A few months ago I was having lunch with Anne Collier, co-director of Connect Safely, and as she so often does, she mentioned something really interesting: she put “technology,” “Minecraft” and “education” in the same sentence. (You can read the detailed article by Anne here.)
Anne continued by telling me about educational gaming and Marianne Malmstrom, a teacher in the US who was making waves and receiving awards. (You can hear Marianne explain what she does as a technology teacher in this video.)
The conversation really sparked my interest and I started a bit of research on educational games. As my own children are under 8, I was a bit wary about online games and apps, after all, who wants to be responsible for starting a 5-year-old’s Angry Bird addiction? But I quickly realized that there are all types of educational games and apps for different age groups and that parents can educate and entertain their children at the same time – without feeling guilty.
If you have a preschooler, there are many apps and games out there that teach math, spelling, colors, alphabet, and more. I really like PBS Kids and Nick Jr. as they involve cartoon characters that my children already know. With the proper amount of mommy supervision and a 30-minute time limit, my kids are in online heaven.
For children, K-grade 5, of course there are even more choices and here I would caution the involved parent to look at the games and apps with your child so that you can best decide what game is appropriate. Does your child need a boost in math? History? Well, there’s a game for that.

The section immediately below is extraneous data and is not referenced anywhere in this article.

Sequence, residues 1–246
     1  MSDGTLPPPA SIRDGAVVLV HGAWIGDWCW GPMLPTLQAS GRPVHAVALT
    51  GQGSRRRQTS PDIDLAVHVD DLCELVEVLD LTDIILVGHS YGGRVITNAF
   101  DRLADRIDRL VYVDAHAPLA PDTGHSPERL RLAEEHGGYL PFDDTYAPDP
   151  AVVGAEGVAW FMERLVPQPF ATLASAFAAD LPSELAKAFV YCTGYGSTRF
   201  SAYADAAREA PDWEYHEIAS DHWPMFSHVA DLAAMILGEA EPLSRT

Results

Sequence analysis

Check out Kids.USA, where children can “learn stuff, play stuff, or watch videos” or National Geographic where children can play games under the well-known banner of the famous magazine. If you run out of ideas, the easiest way to find a game that interests your child is quite simple: go onto your favorite search engine and type, for example, ‘history educational games for children’ and voilà, you find results like History.org. If the websites looks like a bit dicey, you can always check out Common Sense Media for a rating on educational games.
And of course, let’s not forget Minecraft with a parent-friendly description and recommended minimum age of 6-years-old. As Minecraft is an open online community, parents need to read parent’s guides or surf Minecraft parent websites so that you set the proper security settings.
For grades 6-8, again, I like Kids.USA, Smithsonian, Scrabble and if I’m stuck on an idea, I would suggest going to reputable sources, like tech and trendy sites, (Mashable or Huffington Post) and review what they recommend, such as 8 educational and fun iOS games for teens or 25 educational games.
There have been several studies that have shown that educational media can produce “significant STEM (science technology engineering mathematics) learning among children.” Furthermore, watching educational television and playing interactive games can also produce significant STEM learning as well. Game-based benefits have been explored by researchers and are also documented.
FOSI experts have identified the pros of online educational video games and Marianne Malmstrom herself has explained the benefits of online games and learning for FOSI and for Net Family News (part 1: “Little gamers’ digital play through a teacher’s eyes”, part 2: “Brilliance when students drive the learning” and part 3: "Safety & citizenship in games (do try this at home)".
The bottom line is that even after the experts weigh-in, it is still necessary for you as a parent to help choose the games, to make sure that the appropriate security settings are in place and to set appropriate screen time limits. And we can confirm that Anne was right: education and technology and games can go together.
Cover image courtesy of Flickr.